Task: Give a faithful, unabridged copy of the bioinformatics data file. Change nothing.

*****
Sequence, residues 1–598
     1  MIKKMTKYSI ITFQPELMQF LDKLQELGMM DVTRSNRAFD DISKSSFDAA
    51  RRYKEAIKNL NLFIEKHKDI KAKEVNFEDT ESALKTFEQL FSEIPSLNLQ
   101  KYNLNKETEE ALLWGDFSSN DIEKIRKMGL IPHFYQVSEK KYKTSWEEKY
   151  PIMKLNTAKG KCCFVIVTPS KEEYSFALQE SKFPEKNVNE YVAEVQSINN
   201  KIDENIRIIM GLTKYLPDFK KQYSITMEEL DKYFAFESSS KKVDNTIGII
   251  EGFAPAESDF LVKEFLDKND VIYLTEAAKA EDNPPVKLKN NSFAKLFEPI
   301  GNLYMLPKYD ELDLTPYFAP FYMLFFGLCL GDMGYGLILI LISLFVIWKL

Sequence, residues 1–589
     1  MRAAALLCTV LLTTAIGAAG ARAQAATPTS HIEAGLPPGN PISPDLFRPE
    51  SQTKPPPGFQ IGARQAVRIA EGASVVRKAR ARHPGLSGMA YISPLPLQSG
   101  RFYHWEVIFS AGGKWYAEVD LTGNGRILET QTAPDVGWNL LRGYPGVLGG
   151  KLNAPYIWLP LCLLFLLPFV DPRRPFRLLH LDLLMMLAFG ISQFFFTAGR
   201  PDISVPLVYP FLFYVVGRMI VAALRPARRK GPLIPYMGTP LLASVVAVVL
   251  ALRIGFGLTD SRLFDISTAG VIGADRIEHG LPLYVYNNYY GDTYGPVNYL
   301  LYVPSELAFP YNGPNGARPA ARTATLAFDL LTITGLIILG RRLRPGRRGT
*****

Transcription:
Sequence, residues 1–598
     1  MIKKMTKYSI ITFQPELMQF LDKLQELGMM DVTRSNRAFD DISKSSFDAA
    51  RRYKEAIKNL NLFIEKHKDI KAKEVNFEDT ESALKTFEQL FSEIPSLNLQ
   101  KYNLNKETEE ALLWGDFSSN DIEKIRKMGL IPHFYQVSEK KYKTSWEEKY
   151  PIMKLNTAKG KCCFVIVTPS KEEYSFALQE SKFPEKNVNE YVAEVQSINN
   201  KIDENIRIIM GLTKYLPDFK KQYSITMEEL DKYFAFESSS KKVDNTIGII
   251  EGFAPAESDF LVKEFLDKND VIYLTEAAKA EDNPPVKLKN NSFAKLFEPI
   301  GNLYMLPKYD ELDLTPYFAP FYMLFFGLCL GDMGYGLILI LISLFVIWKL

Sequence, residues 1–589
     1  MRAAALLCTV LLTTAIGAAG ARAQAATPTS HIEAGLPPGN PISPDLFRPE
    51  SQTKPPPGFQ IGARQAVRIA EGASVVRKAR ARHPGLSGMA YISPLPLQSG
   101  RFYHWEVIFS AGGKWYAEVD LTGNGRILET QTAPDVGWNL LRGYPGVLGG
   151  KLNAPYIWLP LCLLFLLPFV DPRRPFRLLH LDLLMMLAFG ISQFFFTAGR
   201  PDISVPLVYP FLFYVVGRMI VAALRPARRK GPLIPYMGTP LLASVVAVVL
   251  ALRIGFGLTD SRLFDISTAG VIGADRIEHG LPLYVYNNYY GDTYGPVNYL
   301  LYVPSELAFP YNGPNGARPA ARTATLAFDL LTITGLIILG RRLRPGRRGT